I thank the member for Gippsland for this motion. Like him, I recognise the important role local government plays in rural and regional electorates like ours. Councils aren’t just responsible for roads, rates and rubbish. They provide so many more vital services to communities: health and aged-care services, transport, libraries, pools and parks. I’m pleased that the Standing Committee on Regional Development Infrastructure and Transport, which I’m a member of, is currently undertaking an inquiry into local government sustainability. This will help us understand the challenges local governments face in providing community services and explore the ways that we as a Commonwealth can better support them.

Challenges faced by regional, rural or remote councils in particular stem from the fact that they have fewer ratepayers than metropolitan councils. Despite this, they often have just as many, if not more, services and assets to provide and maintain for their populations. Rural and remote councils, for example, look after thousands more kilometres of road. In my electorate, Indigo Shire has 1,500 kilometres of road. The rural city of Wangaratta maintains 2,000 kilometres of road network. On top of this, after recent flooding events rural roads are eroding before our very eyes. Councils are struggling to find the funds to repair them, let alone build them back better to withstand future natural disasters.

Earlier this month I met with the managers of the Breakaway Twin Rivers Caravan Park in Acheron, on the banks of the Goulburn River, where the community is still waiting for the Breakaway Bridge to be replaced following significant flooding in October 2022. It’s no mistake that this bridge has this name. The community desperately need their bridge replaced, but limited federal funding prevents the council from building back better and decreasing the likelihood of the bridge being swept away in the future. There are many bridges like Breakaway Bridge across rural Australia where councils need more federal assistance to build back with greater resilience.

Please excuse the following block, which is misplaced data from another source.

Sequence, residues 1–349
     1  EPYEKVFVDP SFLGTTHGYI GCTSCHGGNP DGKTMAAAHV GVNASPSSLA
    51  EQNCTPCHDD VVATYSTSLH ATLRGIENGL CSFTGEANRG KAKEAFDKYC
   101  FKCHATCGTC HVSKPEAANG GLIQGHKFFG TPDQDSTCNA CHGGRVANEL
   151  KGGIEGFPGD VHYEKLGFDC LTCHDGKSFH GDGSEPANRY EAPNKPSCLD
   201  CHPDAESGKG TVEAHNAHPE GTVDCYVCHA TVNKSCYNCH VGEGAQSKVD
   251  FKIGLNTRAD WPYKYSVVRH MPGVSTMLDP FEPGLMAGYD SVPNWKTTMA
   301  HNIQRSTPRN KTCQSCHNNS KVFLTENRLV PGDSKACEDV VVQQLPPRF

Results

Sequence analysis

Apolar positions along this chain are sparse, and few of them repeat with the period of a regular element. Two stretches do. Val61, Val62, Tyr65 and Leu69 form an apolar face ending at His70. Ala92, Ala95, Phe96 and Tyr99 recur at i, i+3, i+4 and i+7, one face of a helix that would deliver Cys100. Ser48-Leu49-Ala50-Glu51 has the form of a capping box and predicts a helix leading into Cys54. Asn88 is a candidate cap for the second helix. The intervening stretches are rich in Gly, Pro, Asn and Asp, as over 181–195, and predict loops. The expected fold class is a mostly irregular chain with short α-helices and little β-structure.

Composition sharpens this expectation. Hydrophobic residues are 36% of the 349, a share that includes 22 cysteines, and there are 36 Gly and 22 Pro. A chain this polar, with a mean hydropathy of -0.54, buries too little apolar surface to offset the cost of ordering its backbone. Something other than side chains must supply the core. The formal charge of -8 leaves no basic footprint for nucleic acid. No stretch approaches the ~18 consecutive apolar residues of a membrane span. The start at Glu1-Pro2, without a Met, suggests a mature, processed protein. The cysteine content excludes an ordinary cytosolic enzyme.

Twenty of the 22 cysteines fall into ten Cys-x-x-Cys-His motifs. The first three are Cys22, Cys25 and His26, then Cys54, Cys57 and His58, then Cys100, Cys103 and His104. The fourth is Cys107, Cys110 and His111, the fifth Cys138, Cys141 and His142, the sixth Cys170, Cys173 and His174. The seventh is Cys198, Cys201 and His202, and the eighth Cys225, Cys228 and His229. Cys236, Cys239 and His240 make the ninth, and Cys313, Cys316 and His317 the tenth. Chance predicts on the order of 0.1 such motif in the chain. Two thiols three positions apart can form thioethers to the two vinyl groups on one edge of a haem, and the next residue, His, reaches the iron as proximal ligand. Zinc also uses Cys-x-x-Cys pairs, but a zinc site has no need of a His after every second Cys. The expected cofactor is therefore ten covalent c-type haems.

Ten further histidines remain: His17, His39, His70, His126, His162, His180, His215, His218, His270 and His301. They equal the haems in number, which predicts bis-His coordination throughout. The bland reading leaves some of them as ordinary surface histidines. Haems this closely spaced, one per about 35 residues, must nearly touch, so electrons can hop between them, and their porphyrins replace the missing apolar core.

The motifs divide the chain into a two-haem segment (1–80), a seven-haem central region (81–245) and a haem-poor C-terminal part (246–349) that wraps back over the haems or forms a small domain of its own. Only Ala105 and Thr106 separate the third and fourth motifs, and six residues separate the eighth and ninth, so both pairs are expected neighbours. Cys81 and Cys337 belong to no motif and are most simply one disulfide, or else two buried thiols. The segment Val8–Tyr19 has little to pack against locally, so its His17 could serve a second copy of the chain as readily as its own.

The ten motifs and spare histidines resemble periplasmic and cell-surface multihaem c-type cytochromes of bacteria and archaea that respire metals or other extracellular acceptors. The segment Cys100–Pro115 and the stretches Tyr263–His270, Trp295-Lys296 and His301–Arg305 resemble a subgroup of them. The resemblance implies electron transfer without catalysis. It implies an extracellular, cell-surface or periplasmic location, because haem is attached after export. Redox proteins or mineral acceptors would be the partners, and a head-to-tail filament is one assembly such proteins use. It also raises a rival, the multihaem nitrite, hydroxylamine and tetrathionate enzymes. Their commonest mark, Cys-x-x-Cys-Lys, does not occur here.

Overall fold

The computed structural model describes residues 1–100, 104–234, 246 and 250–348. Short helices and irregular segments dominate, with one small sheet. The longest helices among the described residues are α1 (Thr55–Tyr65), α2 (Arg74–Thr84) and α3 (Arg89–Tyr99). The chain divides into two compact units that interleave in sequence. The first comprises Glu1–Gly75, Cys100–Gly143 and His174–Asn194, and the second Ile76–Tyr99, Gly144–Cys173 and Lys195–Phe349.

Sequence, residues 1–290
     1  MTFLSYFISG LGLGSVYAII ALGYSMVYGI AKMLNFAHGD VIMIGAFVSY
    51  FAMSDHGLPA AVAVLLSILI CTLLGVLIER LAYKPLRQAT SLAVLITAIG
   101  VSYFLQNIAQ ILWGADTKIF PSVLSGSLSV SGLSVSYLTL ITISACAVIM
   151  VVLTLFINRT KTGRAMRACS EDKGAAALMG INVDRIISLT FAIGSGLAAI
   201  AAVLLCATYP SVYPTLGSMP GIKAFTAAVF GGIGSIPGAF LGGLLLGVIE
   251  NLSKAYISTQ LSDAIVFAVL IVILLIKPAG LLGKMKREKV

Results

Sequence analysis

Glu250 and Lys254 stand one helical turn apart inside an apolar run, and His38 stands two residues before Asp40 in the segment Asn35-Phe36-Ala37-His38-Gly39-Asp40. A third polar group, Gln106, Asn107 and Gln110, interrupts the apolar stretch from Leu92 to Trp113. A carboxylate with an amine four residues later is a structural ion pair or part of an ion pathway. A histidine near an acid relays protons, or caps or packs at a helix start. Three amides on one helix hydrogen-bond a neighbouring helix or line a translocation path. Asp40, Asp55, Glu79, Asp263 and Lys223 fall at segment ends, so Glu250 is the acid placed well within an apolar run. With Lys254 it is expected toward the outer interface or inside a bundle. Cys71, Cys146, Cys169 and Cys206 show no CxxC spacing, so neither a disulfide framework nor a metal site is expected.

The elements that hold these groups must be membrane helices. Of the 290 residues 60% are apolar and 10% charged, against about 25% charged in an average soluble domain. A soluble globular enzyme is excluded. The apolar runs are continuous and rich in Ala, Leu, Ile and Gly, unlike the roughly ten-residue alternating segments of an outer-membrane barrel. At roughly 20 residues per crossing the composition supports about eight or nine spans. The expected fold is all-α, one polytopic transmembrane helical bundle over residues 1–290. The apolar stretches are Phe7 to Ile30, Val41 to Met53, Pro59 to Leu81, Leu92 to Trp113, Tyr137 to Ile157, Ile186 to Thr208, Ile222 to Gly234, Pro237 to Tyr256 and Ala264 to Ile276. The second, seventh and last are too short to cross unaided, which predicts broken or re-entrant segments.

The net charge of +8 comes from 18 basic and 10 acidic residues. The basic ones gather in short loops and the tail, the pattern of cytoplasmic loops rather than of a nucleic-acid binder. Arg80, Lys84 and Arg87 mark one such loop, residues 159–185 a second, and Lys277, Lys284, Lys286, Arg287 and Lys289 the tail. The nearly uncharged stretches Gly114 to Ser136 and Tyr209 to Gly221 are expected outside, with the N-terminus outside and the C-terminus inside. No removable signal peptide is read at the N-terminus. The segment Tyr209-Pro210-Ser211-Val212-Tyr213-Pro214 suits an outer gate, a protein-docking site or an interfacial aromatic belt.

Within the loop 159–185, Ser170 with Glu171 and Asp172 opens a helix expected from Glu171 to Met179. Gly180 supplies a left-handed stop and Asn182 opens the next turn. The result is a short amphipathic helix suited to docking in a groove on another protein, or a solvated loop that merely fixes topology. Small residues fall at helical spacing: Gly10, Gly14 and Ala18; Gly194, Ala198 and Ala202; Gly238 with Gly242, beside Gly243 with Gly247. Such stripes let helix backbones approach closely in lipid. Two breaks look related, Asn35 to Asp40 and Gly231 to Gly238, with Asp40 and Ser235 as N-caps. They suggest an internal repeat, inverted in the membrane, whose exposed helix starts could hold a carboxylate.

That’s why I was pleased to see some additional help for councils through the increased funding for the Roads to Recovery Program under the budget. This will now rise from $500 million to $1 billion per year. This funding directly impacts the quality of our local roads, allowing potholes to be filled and repaired and culverts to be installed so we can all get home safely. This new funding for roads is welcome, but, like the member for Gippsland, I can’t see much more in the budget for local governments in regional and rural areas.

In particular, I was disappointed not to see more funding for the government’s signature Growing Regions Program and for the Regional Partnerships and Precincts Program. These programs are some of the only government policies truly dedicated to regional development. Local governments in my electorate applied for these programs to fund projects for recreation facilities, art galleries and community hubs to name but some. I want to see these applicants succeed because I want to see regional communities succeed, and I know many other members in this House do too.

I’ve been asked many times, actually, whether advocating for these projects in my electorate is pork-barrelling. Pork-barrelling is a practice in politics and in the allocation of grants that I want to see end, but, in a fair system with good rules, guidelines and processes, the best projects are funded not because of who advocate the loudest but because they have merit and address community need. In a fair and robust system, members of this place could advocate loudly for projects in their electorates, knowing that the rules would still ensure a fair process, irrespective of whether they’re in a marginal electorate.

The Growing Regions Program and the RPPP have clear guidelines and selection criteria and robust processes, and I congratulate the government on that. The biggest problem, though, with these programs is they aren’t big enough to respond to the need. Applications to the Growing Regions Program totalled more than $1.7 billion, and we also know, from Senate estimates, that 311 projects were deemed suitable for funding, with the total amount applied for under those projects at $1.4 billion. This program has only $600 million to distribute over two rounds of $300 million. Under the first round, the government funded just $207 million, which is less than what the budget allocated. As we can see, it’s a fraction of what the department deemed suitable for funding. It leaves $93 million unspent in a program that is clearly oversubscribed.

I don’t understand this. There is a clear demand from local councils for more federal financial assistance. I urge the government to add more money to the Growing Regions Program and the Regional Precincts and Partnerships Program to help our councils better deliver their infrastructure. I urge them: spend the $93 million that’s still there.

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